Good Slow-Moving Novels etc.

Extollager

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#1
Surely the right speed at which a story moves along should move along depends on other considerations, rather than "fast-moving" being itself a term of praise -- although in the 20th century it did become an often-unquestioned term of praise.

A good reader and a good book should "agree" on narrative pace. And, of course, within one given story (say a novel), the right narrative pace might vary, but usually it is indeed possible to refer to an entire story (novel) as fast or as slow, or not to refer to the pace at all, which means, I suppose, that one isn't much conscious of the pace.

I see this thread as focused on stories (usually novels, but perhaps also biographies, etc.) that seem to move along at what seems to be an appropriately slow pace. These will likely be stories inviting or, indeed, requiring the reader to think about moral issues; they may (Peake's Gormenghast books) lavish great attention upon the accumulation of descriptive detail; they may emphasize character (Henry James's novels).

This thread is intended for people prepared to grant that, with some stories, a slow pace is right, and for discussion of stories that seem slow-paced and good.

The one I'm finishing now is an example: R. C. Hutchinson's Testament (1938). The principal characters include Captain Otraveskov, whose little boy, Vava, suffers from a spinal malady, and whose beloved wife, Natalia, has had a breakdown because she believed him to have been killed at the front, Anton Scheffler, who fell foul of the tsarist authorities when he refused to certify as fit for service some convalescent soldiers, and his wife, Lisaveta, who adjusts to a radically new social order as the revolution proceeds. One of the novels' many accomplishments is the sense of the gradual "revolutionification" of life in Petrograd and Moscow as well as villages.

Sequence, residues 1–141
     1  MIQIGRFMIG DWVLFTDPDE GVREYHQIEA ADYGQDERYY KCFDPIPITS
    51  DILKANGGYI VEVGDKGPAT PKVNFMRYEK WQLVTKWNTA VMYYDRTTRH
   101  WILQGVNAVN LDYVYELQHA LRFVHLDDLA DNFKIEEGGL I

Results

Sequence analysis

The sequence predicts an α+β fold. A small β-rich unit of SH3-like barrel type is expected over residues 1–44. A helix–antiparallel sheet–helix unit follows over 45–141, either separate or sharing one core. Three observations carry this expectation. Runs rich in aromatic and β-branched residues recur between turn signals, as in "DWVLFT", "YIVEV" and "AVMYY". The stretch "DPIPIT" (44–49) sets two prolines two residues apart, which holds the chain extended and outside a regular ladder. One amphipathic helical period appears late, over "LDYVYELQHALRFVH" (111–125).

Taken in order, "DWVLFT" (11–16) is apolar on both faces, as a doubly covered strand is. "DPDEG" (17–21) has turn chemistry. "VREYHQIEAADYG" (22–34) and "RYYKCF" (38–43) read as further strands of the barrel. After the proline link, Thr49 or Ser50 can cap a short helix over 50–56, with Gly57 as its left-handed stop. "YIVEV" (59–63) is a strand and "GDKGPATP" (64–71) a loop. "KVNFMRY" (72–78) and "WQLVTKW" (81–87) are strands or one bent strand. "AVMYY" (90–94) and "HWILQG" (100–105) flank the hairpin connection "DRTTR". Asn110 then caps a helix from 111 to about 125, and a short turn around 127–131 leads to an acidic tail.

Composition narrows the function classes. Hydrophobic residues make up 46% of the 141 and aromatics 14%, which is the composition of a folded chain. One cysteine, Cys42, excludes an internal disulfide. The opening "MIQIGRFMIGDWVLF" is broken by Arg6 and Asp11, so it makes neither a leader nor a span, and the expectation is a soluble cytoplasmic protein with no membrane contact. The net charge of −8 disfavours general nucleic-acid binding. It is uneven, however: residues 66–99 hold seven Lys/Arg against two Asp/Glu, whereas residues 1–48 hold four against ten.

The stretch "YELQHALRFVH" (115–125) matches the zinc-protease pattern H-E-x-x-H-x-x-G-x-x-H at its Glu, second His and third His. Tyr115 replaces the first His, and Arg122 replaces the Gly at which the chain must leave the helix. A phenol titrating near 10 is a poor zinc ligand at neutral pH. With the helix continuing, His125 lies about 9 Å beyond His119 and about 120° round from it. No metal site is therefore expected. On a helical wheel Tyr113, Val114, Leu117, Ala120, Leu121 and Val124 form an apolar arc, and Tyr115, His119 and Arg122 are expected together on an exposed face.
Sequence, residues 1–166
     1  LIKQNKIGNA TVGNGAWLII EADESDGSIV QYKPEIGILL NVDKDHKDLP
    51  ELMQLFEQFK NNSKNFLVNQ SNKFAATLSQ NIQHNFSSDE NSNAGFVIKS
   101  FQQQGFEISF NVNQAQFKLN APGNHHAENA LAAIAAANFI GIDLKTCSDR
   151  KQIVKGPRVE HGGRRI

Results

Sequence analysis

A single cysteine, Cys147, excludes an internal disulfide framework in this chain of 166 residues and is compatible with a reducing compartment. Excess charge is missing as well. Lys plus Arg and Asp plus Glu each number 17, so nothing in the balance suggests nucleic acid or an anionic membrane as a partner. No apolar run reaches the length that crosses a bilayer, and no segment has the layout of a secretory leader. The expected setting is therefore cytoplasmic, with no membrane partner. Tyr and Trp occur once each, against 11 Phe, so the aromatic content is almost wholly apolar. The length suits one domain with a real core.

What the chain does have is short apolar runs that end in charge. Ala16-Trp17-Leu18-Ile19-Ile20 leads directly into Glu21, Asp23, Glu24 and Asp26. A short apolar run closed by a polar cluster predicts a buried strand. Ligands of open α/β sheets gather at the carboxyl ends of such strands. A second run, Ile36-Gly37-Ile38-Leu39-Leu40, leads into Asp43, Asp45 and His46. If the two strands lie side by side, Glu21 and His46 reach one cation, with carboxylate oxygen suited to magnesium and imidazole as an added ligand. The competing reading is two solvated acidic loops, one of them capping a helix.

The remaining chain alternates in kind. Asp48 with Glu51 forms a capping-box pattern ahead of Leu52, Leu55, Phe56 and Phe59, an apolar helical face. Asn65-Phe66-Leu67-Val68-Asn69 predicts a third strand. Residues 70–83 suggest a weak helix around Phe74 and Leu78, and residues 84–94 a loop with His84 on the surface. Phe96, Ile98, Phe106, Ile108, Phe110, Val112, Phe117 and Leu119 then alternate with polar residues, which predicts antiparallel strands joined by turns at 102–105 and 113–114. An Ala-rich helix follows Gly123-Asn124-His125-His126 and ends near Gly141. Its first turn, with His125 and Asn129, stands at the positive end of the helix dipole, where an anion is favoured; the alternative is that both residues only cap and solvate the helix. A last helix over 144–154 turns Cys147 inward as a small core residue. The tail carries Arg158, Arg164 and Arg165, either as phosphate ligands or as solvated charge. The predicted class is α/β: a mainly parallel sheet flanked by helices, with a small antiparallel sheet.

Some Good Reads remarks:

This huge novel is set in Russia during the Bolshevik Revolution. A prefatory note by “R.C.H.” in Testament purports to explain that his book is based on a faithful adaptation, although with names changed, of a memoir given him in Paris by Captain Alexei Otraveskov. The vision in Testament is personal, from the ground up ...and it gives a vivid sense of the sheer chaotic muddle of the revolution, and its dislocating and destructive terror.

Testament is a ‘proper novel’ of just over 700 pages. It is worth every one. It and its protagonists trudge from one catastrophe to the next throughout – but always with a human warmth, rugged hope and a sense of morals which transcend their situation. It is a novel of survival, but one in which the author is firmly on the side of the protagonist, rather than arrayed cynically against him!

One of Hutchinson's neat touches is to make the two main characters both sympathetic to democracy and social justice and with an aversion to the tsarist regime. This makes it all the more effective when they become the tyrannised victims of ...Bolshevism.


Now here are some remarks from critics, taken from an annotated bibliography of items by and about Hutchinson.

"...enthralling...has an irresistible excitingness...[Huntchinson] is unquestionably among modern novelists, in the very highest class, and good enough to make mostof his contemporaries look trivial" -- Frank Swinnerton, The Observer

"...a victory of imagination" -- Kate O'Brien, Spectator

"A book of extraordinary richness and diversity" -- C. Day Lewis, Book Society News

Several reviewers objected that the book was too long. As I approach the end, I would say, it does seem long, but not padded. It's "immersive." I certainly intend to pick up another of his novels before too long, perhaps Elephant and Castle or A Child Possessed.

I wonder if this novel has a future, though. If someone has grown up on rapid-clicking devices, would he or she be able to stick it out?
 
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tinkerdan

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#2
Realizing that this is in Literary fiction category, I might be stepping off a bit with my nominee; however for me this 41 year old book is a classic that definitely requires the reader to slow the pace.